We are currently conducting a number of studies examining how children and adults learn and think about the world.
how exciting (or boring) the toys are. In addition, we examine how children with language delays or with a low vocabulary may learn words differently than children with normal language or a high vocabulary.
The current study is using a series of standard research tasks to see how individual children learn new words. During the task, children are taught new, novel words and tested on their knowledge for words they already know. We hope to be able to use information about a child's own life, family, and development to predict how they will perform, and in the future, use this information to predict which children may be at risk for language delays later in life. Parts of this project have contributed to a student's honors thesis on the role of technology in language development and a McNair Scholar project on the social factors that impact development. Other parts of the project have been recently presented at the International Congress on Infant Studies, the Society for Research in Child Development, and at the Symposium for Research on Child Language Disorders. Portions of this work are published in Infancy, Child Development Perspectives, Cognitive Science, and the Journal of Experimental Child Psychology.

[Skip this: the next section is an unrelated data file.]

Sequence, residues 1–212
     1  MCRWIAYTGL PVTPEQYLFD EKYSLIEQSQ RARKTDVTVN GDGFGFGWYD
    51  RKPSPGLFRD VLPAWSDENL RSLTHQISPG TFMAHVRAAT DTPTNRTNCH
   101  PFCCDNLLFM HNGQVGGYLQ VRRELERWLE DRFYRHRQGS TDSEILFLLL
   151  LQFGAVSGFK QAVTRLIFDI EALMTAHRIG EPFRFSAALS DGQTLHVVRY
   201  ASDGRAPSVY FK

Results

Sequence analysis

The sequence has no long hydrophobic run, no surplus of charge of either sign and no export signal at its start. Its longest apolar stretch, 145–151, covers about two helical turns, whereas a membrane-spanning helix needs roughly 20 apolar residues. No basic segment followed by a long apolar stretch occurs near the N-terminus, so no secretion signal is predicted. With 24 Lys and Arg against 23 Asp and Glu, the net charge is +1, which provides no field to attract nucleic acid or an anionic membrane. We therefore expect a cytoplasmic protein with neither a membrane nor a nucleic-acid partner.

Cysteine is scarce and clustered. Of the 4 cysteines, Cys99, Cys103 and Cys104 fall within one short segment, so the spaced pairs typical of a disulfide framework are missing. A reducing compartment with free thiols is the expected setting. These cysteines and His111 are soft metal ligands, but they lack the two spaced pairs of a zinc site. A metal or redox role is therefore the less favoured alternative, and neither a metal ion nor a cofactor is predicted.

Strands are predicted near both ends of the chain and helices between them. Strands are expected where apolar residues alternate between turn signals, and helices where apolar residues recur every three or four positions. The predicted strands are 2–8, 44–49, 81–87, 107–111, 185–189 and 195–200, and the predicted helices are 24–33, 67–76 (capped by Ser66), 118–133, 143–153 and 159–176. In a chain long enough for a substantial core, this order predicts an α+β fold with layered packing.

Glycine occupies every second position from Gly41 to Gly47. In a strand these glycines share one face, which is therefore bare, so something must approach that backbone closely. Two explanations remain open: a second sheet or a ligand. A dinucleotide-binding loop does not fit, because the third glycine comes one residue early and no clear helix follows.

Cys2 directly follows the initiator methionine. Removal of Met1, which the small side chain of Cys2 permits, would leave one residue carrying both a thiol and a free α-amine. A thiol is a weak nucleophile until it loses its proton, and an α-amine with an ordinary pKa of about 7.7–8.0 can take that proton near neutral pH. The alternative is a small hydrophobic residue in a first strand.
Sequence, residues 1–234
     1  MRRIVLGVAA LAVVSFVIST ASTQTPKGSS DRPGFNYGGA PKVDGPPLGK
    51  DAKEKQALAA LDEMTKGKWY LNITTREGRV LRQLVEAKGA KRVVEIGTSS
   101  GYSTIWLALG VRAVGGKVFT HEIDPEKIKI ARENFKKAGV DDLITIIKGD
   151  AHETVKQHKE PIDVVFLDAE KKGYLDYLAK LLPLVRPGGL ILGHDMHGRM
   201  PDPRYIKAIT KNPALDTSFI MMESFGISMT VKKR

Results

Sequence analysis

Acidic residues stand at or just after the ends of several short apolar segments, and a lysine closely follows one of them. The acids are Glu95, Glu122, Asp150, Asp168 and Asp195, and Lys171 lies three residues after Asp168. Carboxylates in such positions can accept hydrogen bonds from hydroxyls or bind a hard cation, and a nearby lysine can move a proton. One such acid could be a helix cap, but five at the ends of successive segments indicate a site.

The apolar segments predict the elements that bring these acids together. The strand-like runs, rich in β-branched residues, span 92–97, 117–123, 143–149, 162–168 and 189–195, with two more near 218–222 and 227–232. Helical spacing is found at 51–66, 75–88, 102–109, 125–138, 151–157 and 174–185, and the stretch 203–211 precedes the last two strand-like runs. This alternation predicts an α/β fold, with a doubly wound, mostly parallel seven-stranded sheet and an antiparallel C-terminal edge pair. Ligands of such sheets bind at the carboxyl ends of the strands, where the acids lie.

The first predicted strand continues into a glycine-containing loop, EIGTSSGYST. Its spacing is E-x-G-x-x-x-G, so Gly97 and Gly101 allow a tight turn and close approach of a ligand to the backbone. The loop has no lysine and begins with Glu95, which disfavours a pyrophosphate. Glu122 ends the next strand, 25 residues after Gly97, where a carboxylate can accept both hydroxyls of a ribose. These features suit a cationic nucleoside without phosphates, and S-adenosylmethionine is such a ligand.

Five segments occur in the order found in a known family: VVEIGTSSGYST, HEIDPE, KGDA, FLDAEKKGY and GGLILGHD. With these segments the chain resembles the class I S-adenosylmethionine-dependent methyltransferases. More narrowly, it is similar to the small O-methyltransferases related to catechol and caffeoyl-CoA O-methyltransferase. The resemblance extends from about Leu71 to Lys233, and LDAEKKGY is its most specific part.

A parent and child participating in a study in the lab
How young children learn words
As any parent or caregiver will attest, it is often remarkable the speed at which young children grow and learn, especially during the first two years. In this study, we are specifically interested in how children quickly acquire language and learn to communicate with those around them. We look at what factors alter a child's ability to learn a new word, such as what other toys are around, the way we present the new words, and
Early word learning - Individual trajectories
Young children learn and grow rapidly during the first few years of life. However, each child is also unique and develops at their own rate and in their own way. In this study, we look at what may best predict an individual's language ability and their future language growth. In particular, we focus on the different experiences and characteristics an individual may bring to the task of learning, such as a child's temperament and/or the parent's personality, the child's prior experience with technology, the amount and type of exposure a child has to other items in the past, and the social and demographic factors present in a child's household. Early findings from this study have been presented at the Midwestern Psychological Sicety and the Society for Research in Child Development. A publication of this work is under review.
Specific Language Impairment - understanding the meaning of words